Jimmy Carter Case Study

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Jimmy Carter was a poor president. Even hardcore Democrats after four years of his rule had had enough of him and cast their votes for conservative Ronald Reagan. His overblown Social Security expenses brought the federal budget on the brink of collapse. Inflation had reached one of its highest levels ever; gas prices jumped with scaring regularity. Carter's foreign policy was a weird mixture of Nixon's real politik and McGovern's naive idealism. Constant brawls between Secretary of State Cyrus Vance and National Security Adviser Zbigniew Brzezinski blocked any attempts to restore confidence in American diplomacy at home and abroad. Although Carter managed to force Egypt and Israel to sign a peace treaty in the last year of his presidency, the Middle East still remained a highly fragile region. Criticized for his indecisiveness while president, citizen Carter reinvented himself as a vigorous human rights fighter. Soon after leaving the White House, he established the Carter Center which played a major role in many humanitarian actions, such as numerous missions to Latin America and Africa. Carter traveled to Central and Eastern Europe after the fall of the Soviet Empire and to South Africa to support Nelson Mandela in his presidential campaign in 1994. The culmination of Carter's human rights crusade was the 2002…show more content…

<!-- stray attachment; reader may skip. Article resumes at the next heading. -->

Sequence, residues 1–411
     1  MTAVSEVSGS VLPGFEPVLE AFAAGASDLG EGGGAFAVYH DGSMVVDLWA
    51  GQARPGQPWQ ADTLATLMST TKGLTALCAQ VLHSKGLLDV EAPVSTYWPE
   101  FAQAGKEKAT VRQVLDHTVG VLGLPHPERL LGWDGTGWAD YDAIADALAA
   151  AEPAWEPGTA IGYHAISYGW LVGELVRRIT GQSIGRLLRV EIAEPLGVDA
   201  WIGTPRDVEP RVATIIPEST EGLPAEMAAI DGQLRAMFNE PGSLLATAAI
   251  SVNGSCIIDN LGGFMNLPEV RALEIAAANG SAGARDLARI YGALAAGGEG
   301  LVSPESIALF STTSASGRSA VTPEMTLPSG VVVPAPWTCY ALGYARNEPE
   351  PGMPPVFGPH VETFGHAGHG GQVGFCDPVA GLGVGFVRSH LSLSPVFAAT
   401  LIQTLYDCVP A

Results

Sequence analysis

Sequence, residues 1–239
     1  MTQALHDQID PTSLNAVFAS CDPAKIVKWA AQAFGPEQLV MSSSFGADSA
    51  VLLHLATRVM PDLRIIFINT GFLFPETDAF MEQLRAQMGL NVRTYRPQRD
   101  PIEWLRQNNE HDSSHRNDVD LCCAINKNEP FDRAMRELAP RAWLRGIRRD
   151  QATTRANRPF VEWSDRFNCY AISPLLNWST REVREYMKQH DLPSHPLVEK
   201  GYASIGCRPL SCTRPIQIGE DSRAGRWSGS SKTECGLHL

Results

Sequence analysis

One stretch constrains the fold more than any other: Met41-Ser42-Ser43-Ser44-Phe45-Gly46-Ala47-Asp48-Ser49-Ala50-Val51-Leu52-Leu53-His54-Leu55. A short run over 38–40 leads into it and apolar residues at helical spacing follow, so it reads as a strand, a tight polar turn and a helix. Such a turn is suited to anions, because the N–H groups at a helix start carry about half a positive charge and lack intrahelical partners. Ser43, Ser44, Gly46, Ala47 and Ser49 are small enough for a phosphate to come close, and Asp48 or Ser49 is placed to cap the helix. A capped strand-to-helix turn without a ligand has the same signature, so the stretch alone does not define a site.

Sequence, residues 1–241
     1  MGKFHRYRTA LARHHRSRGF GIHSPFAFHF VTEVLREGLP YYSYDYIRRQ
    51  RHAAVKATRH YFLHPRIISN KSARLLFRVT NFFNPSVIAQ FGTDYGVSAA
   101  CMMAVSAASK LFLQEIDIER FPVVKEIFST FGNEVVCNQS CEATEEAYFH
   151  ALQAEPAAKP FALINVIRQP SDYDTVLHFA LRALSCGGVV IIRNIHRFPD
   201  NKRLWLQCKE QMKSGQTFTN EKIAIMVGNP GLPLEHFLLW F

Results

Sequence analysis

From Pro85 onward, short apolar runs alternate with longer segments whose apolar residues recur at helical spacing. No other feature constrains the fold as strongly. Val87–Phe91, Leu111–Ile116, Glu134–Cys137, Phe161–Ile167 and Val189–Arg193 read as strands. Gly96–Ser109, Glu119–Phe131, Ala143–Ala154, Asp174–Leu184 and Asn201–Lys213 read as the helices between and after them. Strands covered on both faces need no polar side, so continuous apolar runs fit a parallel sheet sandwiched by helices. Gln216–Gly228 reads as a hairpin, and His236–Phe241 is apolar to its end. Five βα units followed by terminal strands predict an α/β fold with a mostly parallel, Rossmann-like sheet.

For President George W. Bush, the Middle East has become as political an issue as personal. With the quagmire in Iraq and a complicated situation with Iran, a working peace agreement between Israel and Palestine is the last chance for Bush to keep his crumbling legacy in one piece. But by refusing to deal with Hamas, a terrorist organization but also the only real political power in Palestine, the president and his neo-conservative clique effectively minimize hopes for, if not peace, than at least a
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